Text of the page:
Jampp is a leading mobile app
marketing and retargeting platform.
Founded in 2013, Jampp has offices in San
Francisco, London, Berlin, Buenos Aires, São
Paulo and Cape Town.
We help companies grow their business by
seamlessly acquiring, engaging & retaining
mobile app users.
Jampp’s platform combines machine
learning with big data for programmatic ad
buying which optimizes towards in-app
Our platform processes +200,000 RTB ad bid
requests per second (17+ billions per day)
which amounts to about 300 MB/s or 25 TB
of data per day.
How does programmatic ads work?
a. Auction: the exchange asks if we want to bid for the
b. Bid/Non-Bid: bid with price or non-bid (less than 80ms).
c. Impression: the ad is displayed to the user.
a. Click: event that marks when the user clicks on the ad.
b. Install: install of the app on first app open.
c. Event: in app events like purchase, view, favorited.
Data @ Jampp
● Our platform started using RDBMSs and a
traditional Data Warehouse architecture on Amazon
● Data grew exponentially and data needs became
● In the last year alone, 2500%+ in-app events and
500%+ RTB bids.
● This made us evolve our architecture to be able to
effectively handle Big Data.
Jampp Initial Systems: Bidder
● OpenRTB bidding system implementation that runs on
200+ virtual machines with 70GB RAM each.
● Strong latency requirements. Less than 80ms to answer a
● Written in Cython and uses ZMQ for communication.
● Heavy use of coherent caching to comply with latency
● Data is continually replicated and enriched from MySQL
by the replicator process.
Jampp Initial Systems: Cupper
● Event tracking system written in Node.js.
● Tracks clicks, installs and in-app events. (200+
millions per day)
● Can be scaled horizontally (10 instances) and is
located behind a load balancer (ELB).
● Uses a MySQL database to store attributed events
and Kinesis to store organics.
Jampp Initial Systems: API
● PostgreSQL is used as a Data Warehouse database apart
from the use the bidder does.
● An API exposes the data for querying with a caching
● Fact tables are maintained with hourly, daily and
monthly granularity and high cardinality dimensions are
removed in large fact tables for data older than 15 days.
● Data is continually aggregated through an aggregation
process written in Python.
● Log forensics capabilities - as our systems and company
scale and we integrate with more outside systems.
● More historical and granular data for advanced analytics
and model training.
● The need to make the data readily available to other
systems outside from the traditional RDBMS arose. Some
of these systems are too demanding for RDBMS to
New System Characteristics
● The new system was based on Amazon Elastic Map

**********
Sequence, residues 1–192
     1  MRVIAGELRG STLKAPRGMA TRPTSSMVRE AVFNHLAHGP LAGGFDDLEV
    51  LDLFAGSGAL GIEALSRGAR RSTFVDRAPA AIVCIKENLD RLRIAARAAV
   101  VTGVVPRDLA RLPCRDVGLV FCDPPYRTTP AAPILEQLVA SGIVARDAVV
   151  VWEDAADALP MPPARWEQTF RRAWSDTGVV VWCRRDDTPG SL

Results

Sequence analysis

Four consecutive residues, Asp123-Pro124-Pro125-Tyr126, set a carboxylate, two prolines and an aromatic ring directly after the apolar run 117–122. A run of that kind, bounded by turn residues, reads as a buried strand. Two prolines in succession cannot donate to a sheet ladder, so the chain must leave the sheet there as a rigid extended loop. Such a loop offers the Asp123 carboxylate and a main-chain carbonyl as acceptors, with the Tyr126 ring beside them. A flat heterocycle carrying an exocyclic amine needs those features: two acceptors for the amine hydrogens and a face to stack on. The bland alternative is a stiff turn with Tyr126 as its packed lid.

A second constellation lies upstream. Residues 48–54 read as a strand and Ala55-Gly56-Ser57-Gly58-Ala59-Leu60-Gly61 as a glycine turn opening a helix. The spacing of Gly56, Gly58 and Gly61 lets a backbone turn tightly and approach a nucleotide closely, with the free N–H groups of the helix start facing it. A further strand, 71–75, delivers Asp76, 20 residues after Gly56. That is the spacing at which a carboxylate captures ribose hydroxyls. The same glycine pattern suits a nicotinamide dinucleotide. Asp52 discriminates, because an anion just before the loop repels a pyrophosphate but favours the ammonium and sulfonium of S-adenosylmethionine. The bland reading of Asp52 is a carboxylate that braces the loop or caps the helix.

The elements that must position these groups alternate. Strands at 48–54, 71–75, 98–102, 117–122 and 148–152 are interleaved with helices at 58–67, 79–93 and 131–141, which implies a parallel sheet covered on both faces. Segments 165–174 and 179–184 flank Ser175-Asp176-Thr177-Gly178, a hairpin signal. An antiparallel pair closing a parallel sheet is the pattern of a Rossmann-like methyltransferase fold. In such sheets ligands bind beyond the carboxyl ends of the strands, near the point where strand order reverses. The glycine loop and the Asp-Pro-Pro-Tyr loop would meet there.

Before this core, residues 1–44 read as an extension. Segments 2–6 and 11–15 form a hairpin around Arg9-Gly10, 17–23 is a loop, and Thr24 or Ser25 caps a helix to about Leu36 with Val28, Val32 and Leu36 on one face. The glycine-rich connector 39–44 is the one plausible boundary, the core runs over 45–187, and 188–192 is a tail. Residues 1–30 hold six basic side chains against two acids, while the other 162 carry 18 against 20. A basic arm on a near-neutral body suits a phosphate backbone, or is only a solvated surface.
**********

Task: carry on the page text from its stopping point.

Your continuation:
● Data imported hourly from RDBMSs with Sqoop.
● Logs are imported every 10 minutes from different
sources to S3 tables.
● Facebook PrestoDB and Apache Spark are used for
interactive log and analytics.
New System Characteristics
● Scalable storage and processing capabilities using
HDFS, YARN and Hive for ETLs and data storage.
● Connectors from different languages like Python,
Julia and Java/Scala.
● Data archiving in S3 for long term storage and
enabling other data processing technologies.
Aspects that needed improvement
● Data still imported in batch mode. Delay was larger
for MySQL data than with Python replicator.
● EMR not great for long running clusters.
● The EMR cluster is not designed with strong multi-
user capabilities. It is better to have multiple
clusters with few users than a big one with many.
● Data still being accumulated in RDBMSs (clicks,
Final stage of the evolution
● Real-time event processing architecture based on
best practices for stream processing in AWS.
● Uses Amazon Kinesis for streaming data storage
and Amazon Lambda for data processing.
● DynamoDB and Redis are used for temporal data
storage for enrichment and analytics.
● S3 gives us a Source of Truth for batch data
applications and Kinesis for stream processing.
Still, it isn’t perfect...
● There is no easy way to manage windows and out or
order data with Amazon Lambda.
● Consistency of DynamoDB and S3.
● Price of AWS managed services for events with large
numbers compared to custom maintained solutions.
● ACID guarantees of RDBMs are not an easy thing to part
● SQL and indexes in RDBMs make forensics easier.
Benefits of the Evolution
● Enables the use of stream processing frameworks to
keep data as fresh as economically possible.
● Decouples data from processing to enable multiple Big
Data engines running on different clusters/
● Easy on demand scaling given by AWS managed tools
like AWS Lambda, AWS DynamoDB and AWS EMR.
● Monitoring, logs and alerts managed by AWS
Big Data Technologies at Jampp
Key Take Aways
● Ad tech is a technologically intensive market which
complies with the three Vs from Big Data.
● As the business’ data needs grows in complexity specialized
data systems need to be put in place.
● Using technologies that are meant to scale easily and are
managed by a third party can bring you peace of mind.
● Stream processing is fundamental in new Big Data Projects.
● There is currently no one tool that clearly fulfills all the
needs for scalable and correct stream processing.